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THE BARRE DAILY TIME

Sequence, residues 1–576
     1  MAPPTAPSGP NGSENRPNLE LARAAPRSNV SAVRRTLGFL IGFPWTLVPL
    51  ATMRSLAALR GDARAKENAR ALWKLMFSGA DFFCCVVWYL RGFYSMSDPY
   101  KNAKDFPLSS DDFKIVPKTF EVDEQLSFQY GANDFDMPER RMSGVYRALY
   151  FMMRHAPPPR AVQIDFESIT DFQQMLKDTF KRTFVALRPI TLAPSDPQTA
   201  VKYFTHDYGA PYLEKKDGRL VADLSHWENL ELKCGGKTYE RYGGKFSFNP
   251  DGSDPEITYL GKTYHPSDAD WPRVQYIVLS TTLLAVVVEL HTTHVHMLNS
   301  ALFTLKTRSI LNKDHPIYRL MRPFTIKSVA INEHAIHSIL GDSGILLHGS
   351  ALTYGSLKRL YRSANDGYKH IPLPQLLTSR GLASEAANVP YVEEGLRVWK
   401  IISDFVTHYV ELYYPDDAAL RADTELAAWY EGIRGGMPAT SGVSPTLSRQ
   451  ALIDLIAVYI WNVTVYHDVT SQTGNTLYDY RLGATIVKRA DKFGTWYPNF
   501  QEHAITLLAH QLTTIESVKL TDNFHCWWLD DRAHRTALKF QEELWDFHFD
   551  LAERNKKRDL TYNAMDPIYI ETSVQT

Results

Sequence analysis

VOL. XXVI. No. 105. BARRE, VERMONT. TUESDAY, JULY 18, 19 9 PRICE, TWO CENTS. EXPLOSIONS SERIES OF WRECKED A WAREHOUSE AND KILLED TWOPEOPLE T 5fyre Than a Score of New York People Were In jured, Windows Shat tered for Long: Distance and Hundreds of People Driven From Their Homes at the Terrify ing: Noises TIVE ALARMS BROUGHT OUT MANY FIREMEN 9 easurer oi vvarenouse Concern Wouldn't Tell What Was Stored in the Building Until He Had Consulted His Law yer Theory of Incen diaries. CLERKS' GRIEVANCES ' TO BE TAKEN UP New York, July 18. A series of ex plosions caused by a fire a rooked a six-story warehouse in Greenwich vil lage to-day, killed two people, ser iously injured mor than a erore of persons, shattered window for Works and drove hundreds from their homes in neighboring tenements. ; At 10 o'clock, more -than an hour after the first blast occurred intarmit tent explosions continued, filling that action of the city with fumes and smoke. Five fire alarms had brought to the scene the greatest array of fire apparatus turned out since the Equita ble building fire. "Smoky Joe Martin, acting fire chief, told 'Mayor Hylan that this ex plosions were the worst he had expe rienced in his many years in the de- : jartroent. -''.V-",,',,J , ,:..."; ,.--r The warehouse, where it was be 'Ueved. chemicals or powder faused the 'Masts, had great holes torn in the walls, and tens of briks, stone and .packages of goods were hurled onto Ithe pavements. Neighbors, rushing iont, some tugging household furniture - tsith them, were, flung to the streets fcy the explosions. Many only slight Sly injured were treated on the spot, the more severely hurt being conveyed (to hospitals. A theory that the fire was started "ty incendiaries was advanced to the tomod squad fey Anthony Paone, who flivea opposite the warehouse. He told i lieutenant Gegan that shortly before So o'clock he had seen three men with -a pushcart stop in front of the build jing and carry several boxes in. As ' i they emerged, he said, he heard n explosion and saw flames. He turned .In the alarm. Frederick Francis, treasurer of the i warehouse company, declined to tell fire officials, before he had consulted , hi lawyer, what the contents of the . warehouse were, but, firemen said it I contained magnesia and sulphur. Lieutenant J. J. Shoppemeyer was lilled and nearly a score of firemen were injured, shortly sfter the first fire apparatus had arrived. , Lieutenant Shoppemeyer hsd led his - men inside the building, when an ex plosion tore loose part of the inter ior and buried him. He w dragged from the building by hi men but was crushed to death in the street beneath a falling penthouse. Several of the men who had carried him out were in jured. . One of The explosions tore away al ittMt an entire nude of the building and hurled several firemen to the opnonite sidewalk. At Hearing of Railroad Labor Board in Chicago This Week. Boston, July 18(By the Associated Press). John D. Flynn, general chair man of the Brotherhood of Railway Clerks of the Boston and Maine rail road, accompanied by" his assistant, II. D. Eldridge, lef t Boston to day for Chi cago, where, on Friday, the railroad la bor board will hold a hearing on the grievances of the clerks. It was report ed nere that clerks on other roads in this district were taking a strike vote, but it was said that the Boston and Maine clerks, having referred their grievances to the wage board, would not take action of this nature until a decision had been handed down. Grand Vice-President 0. H. Platen of the Brotherhood of Maintenance of Way and Railroad Shop Laborers has been instructed by President E. F. Gra ble to report at once to Detroit, where a special meeting of the executive board has been called to consider what action is to be taken on the strike ref erendum, owing to the reported contin ued pressure from the, membership for action. . : -r Officials of the BoHton and Maine, Boston and Albany and the New York, New Haven and Hartford said to-day that none of their stationary engi neers, firemen or oilers had answered the call to strike yesterday. Union ofli ciala mid they had reports of men leav ing their work in several shops, i The union officials declared that by Thurs day all the workers of this class would be out. The New Haven railroad advertised to-day for steel car repairmen at its Norwood steel car shops, which opened yesterday, after having been closed since Dec. 24, 1921. Permanent posi tion were offered those who qualified. RICHEST .ENGLISH HEIRESS Edwina Ashley the . Bride of Lord Louis Mont Batten. London, July 18 (By the A. P.), A wedding second only in interest to the nuptials of Princess Mary and Vis count Lawelles took place Uiw after noon in St. Margaret's, Westminster, when England's richest heiress, Mi fcdwina Ashley, married Lord Lou' Mont Batten. The groom is a gr.tml son of the late Queen Victoria, a cousin of King George and the closest friend and companion of the Prince of Wales who was nest man. They will spend their honevmooit in Spain as the guests of King Alfonso ana later wll go to America. 45 ARRESTS AFTER BATTLE HARDING TO AD DRESS STATES Outlining Government Policy in Coal and Rail Strikes CHIEFLY DIRECTED TO COAL STATES And Public at Clif tonvllle, ! W. Va., Is In Highly Nervous State. CAMP OF STRIKERS WAS BROKEN UP Where the Government Considers Complica tions Most Serious 'Washington, D. C, July 18. Prcsi dant Harding will issue a communiea- to-day to the governors of the tion Four Men are -Known Have Been Killed in Encounter. states, outlining federal policy in the coal and rail strike situations. In the meantime- no statement concerning the ; government' attitude ! will hi made - - ' public it was said at 'noon at the 10 Mouse. " , The message will be ; directed particularly' to the chief executives of the coal producing states, where the government considers the complica tions in the coal and rail matters have become most serious. Wellsburg, W. Va., July IS. Forty- five men are in custody 'here and at Wheeling as a consequence of the bat tle at the Clifton mine of the Kichlaml Coal comnanv at C.HftonvlIle. .mrfv'l" " cn Ior ew LESS THAN TWO MONTHS' SUPPLY SAT ON POND'S BANK AND SHOT HERSELF company yesterday, in which at least four per sons were killed. Acting, on orders lie Utilities Companies. Boston, July IS, Figures based on a of the coal i on hand for from Sheriff Thomas Duval of Brooke survey Shcritl il H 1 jmuin uLmiit'rt vmitiaiues in i navs miopiy rw.,i t-m.,i ;.. i. im.. !-v'' Kiigland show a 5( Deputy Sheriff George 1 Card well late 1 ' f wHnpwIee engaged in the clec- me iiui aim power niuusiry; io nay supply for 58 lias companies snd ! last night broke up and dispersed the tent colony of striking tniuc rs n.ar the scene Of the fight-' State police of West Virginia and Pennsylvania patrolled their re?pee tive sides of the border. The attackers i nthe mine tijfht wore aid to have. crossed into West Virginia from border state. days" supply for II electric street rail way companies," nays a statement given out to-4ay by the New England bu reau of public service information.. The survey wsn'made by American Electric the,a"w'Sy association, National Electric j I.ijjiht as rinti';n and the Americitn lias Guards stationed on a hill altoe the association after weeks of the coal Clifton mine dashed into ( liftomille j strike. - early to-day Jo' .report an impending attack. Constabulary rushed1 to the HEARS LENINES IS DEAD, mine and found all quiet. A terrific j t , rainstorm may ' have 'scattered the!c.vl jeBort I, that the Premier Was . j - x - crowd. There were other false alarms during the night. SENTENCED TO DIE FOR WILSON MURDER PIRACY IS CHARGED . Hundred Absa- of BluecoaU Guard doned Houses. Many of the seriously injured wrre firemen and police. Hundreds of hlue rnats, called to the wne, rescued frightened tenement dwellers and oth ers were pted st all abandoned dwell ings to see that no one looted t seated homes. Two hours after the fire broke out. the smoke become so thick that a call was sent to a Brooklyn firchnue to' bring searchlights to Greenwich vil lage. "There sre no records in ihe fire de partment showing any perm,-im for the pretence of cbemK-al in the build ing and if there were any tomI there they were stored tbers illegally," Mid Commie ion er Drennan. "The csue of the Arc has not brea determined." At skws the rasualty livt s:ood at two desd, nearly thirty injured and thrr mtMiojr- The toll was taken chiefly from the ranks of the fire and police departments. Amoiur the hundreds dri.-en from their homes were artists and poets in hahitinz the Bobemiaa serf ion of the rity. The folk, carrris the;r ean saiwes and their wianuwripts which in msny eases comprised iwi of tWir hnaeehnid pwei'Wi rhed f rta tir attir and elr. NeeHr 8e Kars sftr t t rr tHed te ri ss Against Eight Citizens of the Georgian Republic. Paris, July 18. (By the A. P Eight citizens of the Georgian repub lie are to appear in the Assizes court st A ix -en -Provence next Thursday to answer to a charge of piracy on the high seas. They are alleged to have boarded the French steamer Souirah bound from Batum for Trebizond. Two men appeared on the captain's bridge. One leveled a revolver at the officer on duty and the other pointed his weapon at the man at the wheel. Two otiiers took possession of the tele graph office while shots were heard in various parts of the ship, throwing the passengers into .a panic. They then went through the passengers' posses sions, plaeeing jewels and other valu shies in sacks, it is charged. EDITOR C. R. MILLER DEAD Was for 40 Yesri on Staff of the New York Times. New York", July 18. Chsrles R. Mill er, for 40 years editor of the New York Times, died here to-day. He was 73 yesrs old. Mr. Miller's entire newspaper career was with The Times except for three years spent on the staff of the Snrinir field Republican, sfter his graduation irora Dartmouth in 1872. He was recognised as one of the ablest edit orial writers in the country. He received honorary degrees from Dartmouth and Columbia and decora tions from the French and Belgian gov e roments. HEARING A CRISIS. Con- la Deliberations at The Hsgue . ference Over Russia. The Hague, July 18. (By the As so ns ted Press), Every delegate to the Russian conference held Ute feeling to day thst affairs were approaching a climax. The Russian representatives are furious at the European .experts, refusal to arrange a general meeting of all the leaders to dnsruss together all the problems before th conference, and declared that nothing could t ac complished by holding separate de tached negotiation. . The French dele gation hat little faith in the attempt to re-open the coo f crew. ADMITS PURPOSE Was Ts AssassUart French Pmideat and Premier. Pans. July !. (By the A -it,-d PreJ, Ga'v Bonnet, who fired Ih' hnt in an attempt to male PrvVnt MiHerand -July 14. J s formal exsic rit K re!erday d he M"t pltr,e- to a-inse tie twT- nn4tr,itad I r4 PremT 1o ik-:p. rg Reginald Dunn and Joseph O'Sullivsn Found Guilty in the Old Bai- ' ley st London. London, July 18 (By the- Associated Press!. Reginald Dunn and Joseph, O'Sullivan were found guilty to-day, after trial in the Old Bailey, of the murder of the lute Field Xlarshal Sir Henry Hughes Wilson, who was shot down in front of his home on Eaton place last month. The convicted men were sentenced to death. Twenty -six days after the murder the men who fired the fhot? were con victed. This constitutes a record in a criminal case even for England. The attorney general's case for the prosecution required .barely half an hour to present.- The prisoners had ad mitted the killing of the field inareh.il but the judge nevertheless ordered the trial to continue. f Murdered. London, July 18. (By the Associated Press), An Kschanje 'Ielcgrah dis pach from Stockholm to-day, quotes a correspondent as saying he y has been relisbly informed that Premier Lenine of Soviet Russia has beeu murdered. The correspondent says it is believed the soviet premier was poisoned on a train while journeying tu a Caucatian bathing resort,. The assassination is attributed to representatives of radi cal communists now in power in Mos cow. The correspondent was informed that Premier Lenine 'a body was thrown into a river on the morning of July 3. It was ssid one of Premier Lenine a attendants, a member, of the executive committee of the ' Third Internationale, reported as an ac complice in the asaninatioin, is imner sonsting the soviet premier at a bath ing resort. ' ' ' - RAIL WORKERS FLOGGED I FEAR ROADS ARE MINED Residents of Mulligar, Ireland, Fear to Leave Town. Belfast, Julv 18 (By the Associ ated Press), A Mulligar dispatch re ceived in Belfast to-day states that the republicans still hold the town. Residents are. terror-stricken and hundreds are unable to leave because the roads are believed to be mined. All motor driven vehicles have been com nfandered by the republicans. Scarce ly any business is going on in the town. Notices have been posted st Mulligar wsrning the people not to send letters. The republicans sre guarding the en trances to the town behind sand lings and holding up and searching pedes trians. The roads for mils around have been blocked with trees, .stones nd bsrricsdes of agricultural ma chinery. Every bridge irf the vicinity has been damaged or mined. FILM CO. IN TROUBLE. And Told to "Head South Return." And Kit Helen Gregory, Aged 19, Found Dead at Manchester With Revolver Laying Near. Manchjastet July 18. J"It was a, plain case of suicide or possibly an accidental death" said Attorney Gen eral Frank , Archibald last evening following an autopsy on the body of Miss Helen Gregory, which was found at midnight Sunday near the edge of one of the three, small fish and duck ponds on the estate of Miss Rit'ter where Frank Gregory, father of the Continuing, Attorney General Arch ibald said: . "There is no use discussing the case. I, after first learning the facts, ordered an autopsy to be on the safe side and to avoid any future argument, but the autopsy, developed absolutely nothing which would tend to cause any further investigation or which would admit of any except the one solution of the death." The otherwise quiet village of Man chester was stirred yesterday morning by the first news of the rinding or the body of Helen Gregory, 10 years of age, which was discovered, by a chauf feur driving along a private highway through the Ritter estate. The girl lav with her feet' towards he. pond and all the evidences were that as she sat besides the waters, she shot her self for some unknown reason, or else the " revolver,' was accidentally dis charged the bullet passing through the! heart and is still to be located.. Almost immediately rumors spread of the possible murder, but as it de veloped that the revolver was one owned by her own brother, that' she had often used in target practice, and as there was no evidences at the place where the body was found of any struggle the state was early -in the day satisBeld that there waa no foul play and this was substantiated later by the autopsy. According to the story outlined by the girl's father yesterday his daugh ter, Helen, was something of a crn'-k shot with a revolver and sj , some time in practice shooting. ". -said that his daughter was very f;d of home and while she had worked for a time in Albany, N. Y., she had lived practically allof her life at -home. Helen had been visiting with her brother Sunday evening and about 8 o'clock she left the house, taking with her Fred's 32 calibre revolver and that' was the last seen of her alive. (Short ly after she had left the house Fred heard a loud noice but an automobile had just passed the- house and he be lieved that it waa the bursting of a tire, and he paid no more attention to it. Helen Gre'eyrv, was born In Ticon deroga, N. Y.. August 7. 1W3, but had lived in Mancheste. for three years. Besides her parenfs. she is survived bv three sisters, Mrs. Grace Cushmsn of Poult ney. Misses Dorothy and Mar jorie Gregory, two brothers, Fred snd Frank Gregory of Manchester. FEW MEN QUIT . IN NEW ENGLAND Stationary Engineers, Oil ers and Firemen Most y: Remain at . Work SAY OFFICIALS OF THREE ROADS BURLINGTO WOMAN KILLED BY TRUCK Miss Mary Wardlow Died Hours After Receiving Injury, v a Fe Boston & Maine Says None of Above Craft Have Gone Out. Boston, July 18. Officials of the Boston and Albany railroad 'tstej to day that according to reports to the head offices here only four stationary engineers, firemen or" oilers,. 5md gone on sbii af Worcester. Officials stated that men had been sent to roplace these. - '..';.' ."' Boston and Maine official denied that any workers of those crafts had gone out either at Worcester or else where, adding" that the nu niter em ployed at Worcester was negligible. . Representatives of the New York, New Haven and Hartford lines also had no information, of any further ad ditions to the ranks of the strikers to-day. MAINTENANCE OF WAY 1 MEN VOTE FRIDAY And Those Now Out on Strike Will Not Be Outlawed ' -'''" Yet. ..'..''. Burlington, July 18. Miss Mary Wardlow of 117 St, Paul street was fatally injured when struck by the rord delivery truck of the. lsham Hardware com p&ay near the ontersec tion of Pearl street and Union street yesterday; morning. Miss Wardlow was proceeding up Pearl street on the south side ajid when about 50 feet be low Union street stepped into the road to cross to the other side, xne true driven by Wells lsham, was coming down the street on the north side. Mr. lsham says he did not see the woman ... - . . . . until tne ienaer oi nis car sirucs ncr He was going slowly and, stopped un mediately. Alter Dr. B. D. Adams had been called and rendered first aid, . . Mr, lsham rushed the unconscious victim of the accident to "the Mary Fletcher hospital, v. It waa found that she had suffered a deep scalp wound, and up until the early afternoon hopes were held for her ultimate recovery. When struck by the car, Miss Wardlow was carrying a kitten in a basket. The kitten escaped uninjured. Miss Wardlow Is survived by one sister. Miss Susan Wardlow of St Paul street. She was a communicant of St. Paul's church snd was a member of 'Antonia Rebeksh lodge. MYSTERIOUS SHOOTING NEAR SALEM, N. II Fort Worth, Tejtas, July H. Four non-union 1 workmen employed st the local Frisco shops last night, while at a dance hall, were taken six miles into the country and, flogged, according to reports made to the police this morn ing. The men were stripped and lahed with leather straps, after hieh they were warned to head south and not return," they said. Shots were fired at them. VISITED AMERICAN HOTELS. Hotel Committee of Ontario Legi laturt Is On a Junket. Toronto, Ont., July 18. The special committee on hotels of the Ontario legislature left to-day for an in: pec tion tour of hotels in nearby American cities. To-dsy's program .ailed for visits to hotels and summer resorts et Rochester and Buffalo. Thurday t'uey will visre Portland, Me. Inc, Palisades Film Laboratories, Hsd, $200,000 Debts. Newark, X. J., July 18. On applia ion of the Consolidated Films Labora tory company of New iork. Vice Chancellor Barkes to-day ntmed Joseph L. Smith, a Newark lawver. temporary receiver for the Palisade Film Laboratories, Inc, of Palisade. The concern is alleged to he insolvent with aasets of about 190.000 and liabilities of more than 1200,000. The netitioninff com pan t charges a conspiracy to wreck the Palisade cor poration so that control of IX would revert to the American Discount Cor port tion of Boston, of which John Rob- bert Montgomery was denrrfbcd as the giuldmg spirit and William Henri- Irish, a Boston attorney, Charles H. Cole of Sharon, Ma., .Mm A. Andrews of Lynn and Donald D. Re fern of Swampsmrtt. as interested psrtiea. LIQUOR DISTRIBUTOR CAUGHT. SPEECHLESS FROM FAST. William Rice of Its da, Ky, Cannot Survive Much Longer. Stanton. Ky., July 18. William Rice of Xada to-day was speechless snd in a very weakened condition on the 64th day of his voluntary fast. Physicians who have examined Rice do not expect him to live much longer if he continues to refuse food. MONTPELIER The drivers of automobiles will be pleased to learn that a portion of the new concrete road in Montpelier has been opened for traffic. It is hst part f 6 tat street which was firt con structed this season, namely, from the Central Vermont station to Western avenue. The remainder of the con crete on that side of the street will not be ready for traffic for a few dsys yet. but what has been opened to traffic will add greatly to the comfort of tho who nse the street. The other side of the street will not be repsird until about the first of the coming month on ing to work thst is in pmg dei on Berlin street which is of a DEER TRIED TO BOARD NEW HAVEN STREET CAR Failing in That, the Pursued AnirtuI Entered Bank and Died of Fright and Injuries. New Haven, Conn., July 18. Early morning crowds on their way to work here were startled when a full-grown deer dashed across "gTeen" at the en trance of Yale university, and plunged across the city's butiet corner. The deer then lesped full tilt at a trolley car. Tumbling from the car the deer ran across the Bennett Fountain cor ner and pursued by half a dozen police men and a crowd of men and boys, fled through several side streets. It stopped for a moment on Crown street snd then sped into the Corridor of the Firft National Bank building, where it died in a few minute later from its injuries and fright. Chicago, July 18. Although approx imately 13,000 firemen and oilers were added to the list of strikers yesterday, no further accessions to the strikers Were expected until after the meeting of the maintenance of way men's grand lodge at Detroit Friday. The 'i't.OOO maintenance of way men- al ready on itrike would not be t.lhv.ved "for the moment," it was said. Injunctions were granted by federal courts yesterday to restrain strikers from interfering with the operation of (.trains, to the Louisville snd Nashville, Louisiana and Texas (Southern Pa ciV7, snd Trsns-Mississippj Termi nal railroads at New Orleans; the Missouri Pacific road at St. Louis and the Baltimore and Ohio railroad st Cleveland. , Suits were filed against interfer ence with shop oprat'ons at Toledo, O,, by the Wabash and at Montpelier, O., by the Detroit, Toledo and Shore line. Picketing was forbild'M in injunc tions granted four ronds at , Spring field. III. Railrosd shopmen aiid loal minen in Montana, who are on strike, will be invited to sid in hsrvetins, the state department of agrirultur an nounced. A questionn-iire was sent to officers of unions to arertiin the at titude of the members. A large num ber of striking shopmen ace said to be willing to work in the field, but it is said many, of the miners have left Montana or found other employment.; New York, Julv 18.The 50.000 maintenance of way and others under iag village, with property h the jurisdiction of William Parker, i mated at half a million dolla SIX CONTESTANTS. , for Ne For Republican Nomination n braska Senatorahip. Omaha, Neb., July 18. Principsl interest in the Nebraska primaries to day centered in the race for the United States senatorial nomination on the Republican ticket, in which R. B. Howell of Omaha, Republican nation al committeeman, made his campaign as . forward looking Republican. Albert V. JetTens of Umaba, present congressman; t. JL Uuststson, head of the Cmited Mates Grain Growers, Inc.; John O. Yeiser of Omaha; Attorney General Clarence M. Davis, and Frank John of Grand Island, also were con testaJBts. In the Democratic primary Senator ti. M. Hitchcock, Anthony I. Monahan of Omaha and J. O. Shroyer of Hum boldt were candidates for the senato rial nomination. Progessives were .to choose between A. 1L Bigelow, Omsha attorney, and Arthur G. Wray of York prominent in the party in 1912, as their choice for the Senate nomination. AH three parties have candidates for governor and state offices. 1 he Prohibitionists have a woman can didate for Congres in the flirst dis trict, Mrs. E. Iiells Barton of Lincoln, who was nominsted without opposition. Died MAJOR C H. IN CALLS. t Age of 67 at Cambridge, Ha is. Ca abridge, Msss- July 18. Ms ior Charles H. Ingalls, V. S. A , retired, died at his home here yeterdsy at the age of 7 years. He was a native of Denmsrk, Msine, and in 1S76 wss commissioned second lieutenant by President Grant. He ws a nephew of Major I: ii f vis lnealls, oiiartermaster genersl under fneral firant. Bnriali will he in Arl ngton cemetery at Ws.h-j Worcester. Ma, irpf AS. . , , - . chairman of the New ork Central system federation, will decide their attitude regarding their wage -uts this week, according to Mr. Psrker. " H Nisid the only wsy to avert a strike is for the management to grant the old wages, the eight-hour day snd time and one-half for overtime. New York Central officials made no comment on Mr. Psrker's . tatement but repeated former assertions that they were prepared for any emergency. PENNSYLVANIA ROAD IN SEPARATE AGREEMENT Wage Agreement is Made With Rep resentatives of Shop men. Philadelphia, July 18. The Pennsyl vania rsilrosd announced to-day that a wage agreement has been -.egotited between representatives of he shop men still employed by the compsny snd representatives of the mansge ment, sffecting more thsn 10,000 men. The compsny had previout.lv an nounced wage agreements with repre sentatives of maintenance of wsy em ployes, signal department men snd clerks and miscellaneous f trce, af fecting, including the shopmen, 140, 000 men on the tvstem. The new rates of pay in each case are effective as of July 1 instesd of July 1, as pre-, viottsly announced. "The new schedule, of wsges differs in some respects from the rates es tablished by the labor board for oth er railroads." the snnouncement sa d. but the difference is in favor of the Pennsylvania employes. For the most nsrt. Vtie Pennsylvania system rates are rrsded in accordance with skill and experience required snd the prevailing rstes sre generally nigner tsaa now estsblished for other railrosd Four Men Claim They 7ere Assaulted By Party of Motorists Last Night. Lawrence. Mass., July 18. Four men of this city reported to the police to day that they had been ,be ten and shot at by a party of motorists whom they had offered to help near Hamp shire roads, near Salem, N. H. Three of the wen, who exhibited several cuts and bruises, gave their names as George O'Brien, John J. Purcell and Amheyst Macartney. The fourth said he was chauffeur named Young. The men said that when they offered their assistance to the four men and two women who wefe occupying the machine, they were told to "mind, their business" and that several shots were fired at them. The automobile then started in the direction of Salem, they said, but soon returned. Finding the Lawrence motorists still in the view ity. the police were told that the men badly battered them and sfter firing several more shots departed on the Salem road. Men who gave their names as Thorn as Maguire and Thomas" MxMnnn of this city were Ister treated for bullet wounds at a hospital here. IBe police began an inquiry to determine whether the patients had been involved in the reported shooting. FIXING RESPONSIBILITY FOR CHICOPEE FLOOD Organized Relief Work Starts to Aid Those Who Suffered From Inundation. Chicopee, Mass., July 18, With the work qf cleaning up the flood -stricken district of , Wiliiamansett well under way, chief interest turned to-day to the task of fixing responsibility for the conditions that allowed the bursting of the dams at Langwalds and Rob erts's early yesterday, resleasing mil lions of gsllons oi water on tne Sleep loss esti- rs. Ornanized relief agencies: including Chicopee municipal departments- and the lied Cross, are continuing the work begun yesterday. Mayor M. Grise said he would leave the task of tracing theb lame, if any exists, for the conditions at the dam, wholly in the hands of the- city solicitor. J. Hafe. , - In addition to an attachment for fciO.OOO filed yesterday against the D. Langwald company, supposed owners of Langwsld's pond and dam, by the Holyoke Ice company, owners of Rob ert's pond, actions for damages ( were filed to-dsy for f JO, 000 in each case, by the C. " F. Church manufacturing company for dsmsge to its plant agsinst the Langwald company and al so sgsinst the Holyoke Ioe company, rwhile Rosetta C, Gnffin filed attach ments agsinst the Lanwald company, the Holvoke Ice company and George Roberts ssid to be former owner of Roberts pond. DIED IN BURLINGTON PAGE'S' PROXY IN DISPUTE Senate Works Itself Up Over the Vermont Sen- ator's Vote. DOUBT AUTHORITY i". OF KEYES OVER IT Page Ha yVired from His Vermr J Home an Au ' ' ; orization. ' Wasbi''- "i, D. C, July 19,-Tbe controv stirred up in the Senate agricul? committee over the voting the fy of Senator Page, Repub. lican, t nont, on the final disposal of the Muscle Shoals offer, flared up again to-day in the Senate. Chairman Norris of the committee conceded in answering statements made previously by Senator Caraway, Demo crat, Arkansas, that Senator Page's vote had been cast in the question of whether his proxy was correct and on whether his vote could be cast by Sen ator Keyes, Republican, New Hamp shire, to whom he wired an authoriza tion. -, NEW CASES ENTERED In Washington County Court One Suit Over Store Opening. ' ' The following cases have been filed in Washington county court: NorthSeld National bank vs. Fred Fuller and oth ers; Alice A. and George C. Milan vs. Neil Neilson; B. R. Reed vs. H. J. Sly- 1 ton; E. J. Bartlefct vs. Town of Plain-' field; C. H. Brewer vs. D. N. Hunt; Charles A. Brown vs. B. C. Sheldon; tnion Electric Supply Co. vs. H. B. Havden. ' In the Brewer vs. Hunt case action is brought because it is 'Claimed Hunt re-opened a second-hand store in Mont pelier after he had sold a similar store f to Brewer and had promised Brewer he would not start a second-hand store within twenty miles of Montpelier. Ac tion is brought for $3,000. ICE DEALERS SUMMONED To Tell Why They Didn't Respond to Questionnaire . " Boston, July 18 Twenty-five Massa chusetts ice dealer who failed to re spond to the questionnaire of Chairman Eugene C. Hultman of the commission on the necesesriea oi life have been summoned, to appear before the com mission Friday to show the cost of har vesting and distributing ioe ami the prices charged. These dealers, Mr. Hult man said, failed to answer a question naire sent out to 600 dealers in the' state on June 20 and failed to respond to other communications addressed to tpem on Juno 30 and July li The dealers summoned included, u. A. Legalse, Fall River, and t ha Crystal Ice Co- Taunton. KADEK- GUIDED BY SMELL Trailed Auto Into Private Garage and Ametod Owner. Boston. July 18 Whether A rrohi- bition agent, guided by his sense of smell, erred in seizing whiskey si-d ar resting the owner in a private garage, was a question that came bef t.e Unit ed States Commissioner Hayes to-day. Ssm Crone, a tunk dealer, was ar rested recently in a garage in I-owell after he had been followed intu the uilding by an agent who ssid he traced Crone's automobile by tie odor of liquor coming from it. Former As sistsnt Federal Attorney tfhea, ctCE- sel for Crone, contended to-day thst the seizure was msde in private p"op- erty snd wss illegal. INSANITY AS DEFENCE. Mrs. Anna Bleau Had An Operation " ia Institution There. Burlinirton. July 18. Mrs. Anna Blesu of Bsrre died yesterdsy after noon at a local institution, where she underwent sn operation, fie wss 30 yesrs old and, beside her husband, is - . .. . ft i ;i I. aomved oy two emau cnuuren. The body wss removed to the fun ral psrlors of T. W. Gurney and later taken to Grand Ile, where the funeral and interment will take place. MOTOR BUS OVERTURNED STRIKE AT WORCESTER. Firemen and Oilers te Number of 150 Went Out RECONSTRUCTION u:.. n c , 1 x- . : v . J ' iXhTtOrV While Trsnifsmns Fonr Large Trunks :,. . r K.rloatrick of v, v.wfc ' of Liquor. jt itr M.rTr ,;,.. i the ntv on Mon- POSTPONE Wsshingf. 1. t .. J v sjir-j3T t , - 7 rev.ed btre Uu ni.Ul vh.7 tup ' ITi f rrmslfr . rurri- !n;ui ritjnt wemment .,.- ,.- t. ,..L. . .A J M.Btiu?tvr ritr iittirt ha Itrca .tti.! '' CCTmiSy Till AutUHlS. tstn li.iur trr.T-1 a JwiThcm imn t a"l iic nti.-r.i.'!. : iK-r n. tu'v i py me .vi ia;et i "c i. !.- .---.- one tourd f New r .lott F-W-. J F. l?Je ff Wen Fier i in th Ire Pre;rnt LrtfM an. I 1':.jiihI h gmre fc' afMre s Brw.jvh m. tU I c 'r on hiinee. n 'ev iay. M,r U'irth it pcr!.isi lei Kk 1M-; the pfb.. the Mid. thst hr was em-j Mrs. Frd N. V. H tnev of Ni'.tf? -U j Vsdcrs tpone n-yttt -.un for pV"ri hy a liiir 0Mr-iNi-Ji nr'.i- tn fa -itv rm t,.n .i . ' rrwns-tit t inc tVe jrfcr! t-;:T"n rate rprerrTife rr. ,r r .-t ! Jt . - t irst m. i -,'- I : r - e'-.:r-fm k- -i inr i - .- - I ant fc.- fl,.tri;i..r,2' l.:ir'"f :n ! .s -'" on ! .! - e teoi.r !.-.-. rt .! fSt' July All l Worcester mniber f the HroiVr- ibnnd of Fi;-emen od.'iler MimlKTing ! lm. went on strike at 10 o'clock t"n s imirn:nir "n orders receicd last night of br AnTw J. tohin. pre-'dent of the ; Worcester branch f tfee brot if"ti.vl. il'n'er. Only Three of 22 Passengers Were In jured at Bennington. Bennington. July IS A motor bus carrving 20 men and two women from North Bennington to this village over turned shortly before 0 o'clock y?str- dsy evening and piled the passengers in a heap. Three men cut with broken glsas constituted the injuries. The vehicle wss considerably damsged. Sereral persons narrowly escaped be ing pinned tinder it. WOMAN SEEKS SENATORSHIP. For Mrs. Phillips Accused of Murdering Mrs. Meadows. Los Angeles. CaL, July 1R At- tornevs for Mrs. Uara mil lips, charged with the murder of Mrs. Alberta ileadows, -It year oia wiaow, who was beaten to death with a ham mer, have ststed their defense would be inssnity. Yesterday, after the inquest Mrs. Phillips was permitted to se her hus band. They fell into each other's arms and kissed many times. It waa their first meeting since last Thurs day morning. PELLET IER DIDN'T APFEAR And Final Chance Waa Given Him For July 33. Boston. July IS. Assistant United testes District Attorney Curtis aaked Federal Jude Mae that July 25 be set as the finsl date for a hearing cn the petition to disbar Joseph G. Pel letier, former district attorney of Suf folk county, from the United States district court. Judge Mack Tntei Mr. Curtis' request. The hesring hsd een set lor t -dsy. Mr. Feiletier did not appear in ccurt. TALK OF THE T0WK tt;o"rv Bremen, osiers. ttirn;'.Ie ! rttr. Pre rt-nei-. ti fnf. r. s- !it mrn. cos! tMl" men ana wi ps acd tie casualty Lt uJa"'kd. tfe'Ta bcth to rile in the saae amirf. rrt'.ta cocred the ect.-e co'aisti v it. Iit f n-t" tisnv. ? n A ' i sn! Ncv -:V. ci !! A I's.ti'-rd jaU-'jad- in V.'w ester. Mrs. H. W. Scott is nesting eomfott- ahlv at her home on Richardson street after receiving a fractured tib end bruises when the Ford sntomoi.ile in which she was riding and which was driven by her husband was Uck bv an 01drnbile car driven by V. H. After Getting Several Eadorsements la j T. nifnt hipaened at '-he corner Washington. Icf North Mud ami tVrttae tr-rU. SrafV W.b. Julv . -Mrs.) Judge 't stasdri.mg nith on Vsia PV.... i V x"U of Bcll nchMn. Wssh,! street snd the Nugent car r.me cat . . i.. .i v , vi--.,i.. ,.tnf tottsce street, sending irf Srxt Jj.r. Nn Partt-KB lcg. aisd th l'ji'wsr rf jo! itsl i !nl. i!l I - . f.-j- '-. t'ri,i n r.Ttainj ,i,l,.r at the " ' -" "-"r ni-T-. utmli.e u; onto tae si'l" . w ' re it .tr.iir"l. The latter rr ft-i v. idersbly Nei.-r y t t r I p :-i j -i.: ty (Viiifti :n the fa:! rny ft I'